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  • Franceour's slump drawing unwanted attention

    I've noticed several articles popping up about Franceour and some of them are quite knowledge, and back up their claims with stats not just hearsay. I found both of these through talkingchop.com

    I thought you guys would be interested in a couple of them if you already haven't ready them.

    http://www.ajc.com/blogs/content/sha...call_on_f.html

    http://www.sabernomics.com/sabernomi...eff-francoeur/

    The second one is especially good in my opinion, to me it is quite interesting

    I hope to get some discussion going about how you all feel Franceour is doing, will do, etc.

    I've been wondering about him for a while, he obviously has a lot of power, his swing is very clean, good in the field. Should he be platooned at all? Certain situations? What options would the Braves have if they wanted to do something? The talk about the scouting reports on him made me think, I certainly never thought about it like that. But he did outplay his minor league performance in the majors for a while. Frenchy really needs to make some adjusts with his hitting whether its mentally or maybe his timing, his swing is pretty solid when I see it. Anytime you lead the Majors in swinging at first pitches, and you aren't Mad Vlad, then that probably isn't a good thing. Btw, Franceour is beating Vlad at that too.

    There also is/was a thread in the coaching/fundamentals forum about his swing, has some video too.

    This is the 'meat' of the AJC article in case anyone gets the login screen

    He still hasn't drawn a walk, and he's swung at a majors-leading 55.7 percent of first pitches. Anaheim's Vlad Guerrero (54.9) is the only other major leaguer who's swung at as many as 47 percent of first pitches.
    Finally, there's this: Francoeur hit .379 with 10 homers, 30 RBIs and a .734 slugging percentage in his first 33 games in the majors last season, through Aug. 20.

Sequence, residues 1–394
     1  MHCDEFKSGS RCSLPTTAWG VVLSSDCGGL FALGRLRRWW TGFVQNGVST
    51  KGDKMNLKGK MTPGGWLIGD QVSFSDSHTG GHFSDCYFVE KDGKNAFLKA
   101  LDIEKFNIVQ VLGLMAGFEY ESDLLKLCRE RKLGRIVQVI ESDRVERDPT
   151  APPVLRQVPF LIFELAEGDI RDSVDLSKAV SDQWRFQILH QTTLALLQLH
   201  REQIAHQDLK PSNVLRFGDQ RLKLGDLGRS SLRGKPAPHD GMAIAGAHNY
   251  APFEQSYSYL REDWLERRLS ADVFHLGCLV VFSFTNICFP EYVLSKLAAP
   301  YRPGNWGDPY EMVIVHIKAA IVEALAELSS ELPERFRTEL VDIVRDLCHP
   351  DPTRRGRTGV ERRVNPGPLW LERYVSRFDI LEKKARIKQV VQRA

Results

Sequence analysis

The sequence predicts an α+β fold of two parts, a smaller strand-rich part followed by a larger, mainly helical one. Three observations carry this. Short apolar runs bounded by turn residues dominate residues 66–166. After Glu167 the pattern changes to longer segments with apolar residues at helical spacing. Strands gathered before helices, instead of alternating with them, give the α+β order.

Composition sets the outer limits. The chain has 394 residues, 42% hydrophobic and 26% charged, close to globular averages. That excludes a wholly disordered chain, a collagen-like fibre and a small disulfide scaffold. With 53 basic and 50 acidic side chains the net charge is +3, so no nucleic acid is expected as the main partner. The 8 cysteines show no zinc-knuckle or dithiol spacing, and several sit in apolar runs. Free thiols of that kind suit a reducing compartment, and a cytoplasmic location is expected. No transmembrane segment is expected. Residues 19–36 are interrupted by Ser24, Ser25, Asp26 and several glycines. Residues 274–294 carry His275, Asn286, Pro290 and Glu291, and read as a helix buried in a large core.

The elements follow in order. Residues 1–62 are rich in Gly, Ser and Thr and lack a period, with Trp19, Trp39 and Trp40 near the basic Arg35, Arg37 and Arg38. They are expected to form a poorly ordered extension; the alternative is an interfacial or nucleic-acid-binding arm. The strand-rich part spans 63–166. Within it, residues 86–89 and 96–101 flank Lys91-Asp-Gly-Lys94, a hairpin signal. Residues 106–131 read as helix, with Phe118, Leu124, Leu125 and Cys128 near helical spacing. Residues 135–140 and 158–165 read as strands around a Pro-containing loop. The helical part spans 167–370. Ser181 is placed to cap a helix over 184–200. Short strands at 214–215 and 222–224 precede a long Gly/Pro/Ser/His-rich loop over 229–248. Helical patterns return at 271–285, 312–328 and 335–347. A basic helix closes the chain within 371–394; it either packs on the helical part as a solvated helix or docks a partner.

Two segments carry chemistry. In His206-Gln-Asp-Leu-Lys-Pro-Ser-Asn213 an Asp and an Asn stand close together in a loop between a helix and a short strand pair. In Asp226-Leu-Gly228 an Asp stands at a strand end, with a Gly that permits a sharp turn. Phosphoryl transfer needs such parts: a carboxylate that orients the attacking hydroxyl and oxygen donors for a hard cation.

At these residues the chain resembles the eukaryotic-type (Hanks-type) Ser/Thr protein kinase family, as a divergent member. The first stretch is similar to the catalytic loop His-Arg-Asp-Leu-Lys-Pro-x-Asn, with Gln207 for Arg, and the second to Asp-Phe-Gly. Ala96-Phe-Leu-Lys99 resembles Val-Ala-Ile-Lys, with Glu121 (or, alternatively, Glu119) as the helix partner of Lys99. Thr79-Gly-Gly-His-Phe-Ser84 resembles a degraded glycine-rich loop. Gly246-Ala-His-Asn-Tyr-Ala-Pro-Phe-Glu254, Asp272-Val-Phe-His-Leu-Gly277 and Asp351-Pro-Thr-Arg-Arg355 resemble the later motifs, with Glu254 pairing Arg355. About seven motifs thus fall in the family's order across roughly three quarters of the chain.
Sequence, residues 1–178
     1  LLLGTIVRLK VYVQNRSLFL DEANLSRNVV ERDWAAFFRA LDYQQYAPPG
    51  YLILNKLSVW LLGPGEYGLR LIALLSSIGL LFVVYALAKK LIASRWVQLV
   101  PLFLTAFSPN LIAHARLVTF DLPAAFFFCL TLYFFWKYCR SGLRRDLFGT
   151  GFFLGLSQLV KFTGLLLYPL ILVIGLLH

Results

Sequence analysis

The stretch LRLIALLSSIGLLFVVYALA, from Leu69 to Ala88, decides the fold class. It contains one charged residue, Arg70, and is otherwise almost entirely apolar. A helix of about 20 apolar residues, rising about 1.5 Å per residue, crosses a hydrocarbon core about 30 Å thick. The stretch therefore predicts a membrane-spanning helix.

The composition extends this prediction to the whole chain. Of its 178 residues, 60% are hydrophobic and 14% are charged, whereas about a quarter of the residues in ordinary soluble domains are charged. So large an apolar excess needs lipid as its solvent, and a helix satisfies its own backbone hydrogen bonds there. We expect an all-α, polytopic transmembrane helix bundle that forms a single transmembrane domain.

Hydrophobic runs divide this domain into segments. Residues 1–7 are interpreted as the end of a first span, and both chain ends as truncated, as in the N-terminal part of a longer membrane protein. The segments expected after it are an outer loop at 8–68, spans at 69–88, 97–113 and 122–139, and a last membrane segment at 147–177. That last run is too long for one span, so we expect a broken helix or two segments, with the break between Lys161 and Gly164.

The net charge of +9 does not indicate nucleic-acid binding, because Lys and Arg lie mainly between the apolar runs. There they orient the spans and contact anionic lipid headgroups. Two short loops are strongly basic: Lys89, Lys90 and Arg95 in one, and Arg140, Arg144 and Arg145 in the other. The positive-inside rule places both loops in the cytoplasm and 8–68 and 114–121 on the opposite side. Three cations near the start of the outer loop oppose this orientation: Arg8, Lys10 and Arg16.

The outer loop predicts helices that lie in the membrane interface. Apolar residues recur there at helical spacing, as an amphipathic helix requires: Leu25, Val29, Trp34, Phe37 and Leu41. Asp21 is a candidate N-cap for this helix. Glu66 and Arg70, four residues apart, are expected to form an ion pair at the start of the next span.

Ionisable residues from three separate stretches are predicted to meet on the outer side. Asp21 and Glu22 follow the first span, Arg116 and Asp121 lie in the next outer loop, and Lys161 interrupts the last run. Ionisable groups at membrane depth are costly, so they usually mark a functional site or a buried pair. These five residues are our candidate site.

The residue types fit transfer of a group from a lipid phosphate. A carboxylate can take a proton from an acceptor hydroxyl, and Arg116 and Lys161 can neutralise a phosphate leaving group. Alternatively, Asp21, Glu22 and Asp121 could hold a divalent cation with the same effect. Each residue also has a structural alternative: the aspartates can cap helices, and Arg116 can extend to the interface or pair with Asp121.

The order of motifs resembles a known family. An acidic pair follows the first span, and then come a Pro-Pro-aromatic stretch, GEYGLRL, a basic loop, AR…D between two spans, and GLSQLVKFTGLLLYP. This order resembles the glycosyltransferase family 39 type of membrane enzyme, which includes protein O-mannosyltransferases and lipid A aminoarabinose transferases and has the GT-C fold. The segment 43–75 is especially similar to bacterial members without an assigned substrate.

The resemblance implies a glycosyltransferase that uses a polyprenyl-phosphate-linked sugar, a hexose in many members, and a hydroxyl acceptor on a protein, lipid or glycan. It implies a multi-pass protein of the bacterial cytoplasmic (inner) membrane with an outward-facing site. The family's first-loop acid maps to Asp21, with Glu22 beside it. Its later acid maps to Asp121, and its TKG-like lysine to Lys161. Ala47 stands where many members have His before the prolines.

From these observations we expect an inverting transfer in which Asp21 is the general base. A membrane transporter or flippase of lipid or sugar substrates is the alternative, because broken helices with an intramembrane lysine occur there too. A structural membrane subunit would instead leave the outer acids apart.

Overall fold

In 50 games since Aug. 28, he has a .207 average with seven homers, 22 RBIs and a .362 slugging percentage, with 44 strikeouts in 188 at-bats.
    Last edited by grizzly451; 04-28-2006, 05:43 AM.

  • #2
    This one just is mainly discussion. But the people that post bring up some pretty good stats.
    http://www.sabernomics.com/sabernomi...rancoeur-game/
    Last edited by grizzly451; 04-28-2006, 05:44 AM.

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    • #3
      Since he swings at so many pitches, maybe he should be told to take pitches until he gets a strike?

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      • #4
        Frenchy will come around, I'd give him 2 weeks and he should be back to his old self.
        Simply... TAKING BACK THE EAST IN 2007

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        • #5
          And I just did the math, if you take away his 3 for 37 start, he's hitting .297. Now that's more like it.
          Simply... TAKING BACK THE EAST IN 2007

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          • #6
            But his OBP is going to be even lower than that, the 297 is fine, but if he never walks it makes it a VERY empty 297. Thats not Right Fielder stats, thats a 1960s short stop...

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            • #7
              Don't get me wrong though, I think Frenchy has some great skills, his strikeout rate isn't that bad for a player these days, especially a young one. But his walk rate is horrible. I'm not saying he needs to walk 100+ times or anything like that, but even Vlad draws a fair number of walks to go along with his agressive nature at the plate. He still sees a better then average number of pitches per AB (I THINK). I guess I'm thinking more of a balance here. There is such a thing as being too aggressive, sometimes a walk is as good as a hit.

              I'm sure he feels like he should swing, especially at the first pitch, but I think pitchers expect this and more often then not getting him 0-1 on bad pitches that may or may not be balls. I wish I had video of several games he's been in this season just to see what pitches are thrown at him the most as first pitches of his ABs. High, Low, Inside, Away. Fastballs, Changeups, Curveballs, etc.
              Last edited by grizzly451; 04-28-2006, 03:58 PM.

              Comment


              • #8
                Originally posted by grizzly451
                I wish I had video of several games he's been in this season just to see what pitches are thrown at him the most as first pitches of his ABs. High, Low, Inside, Away. Fastballs, Changeups, Curveballs, etc.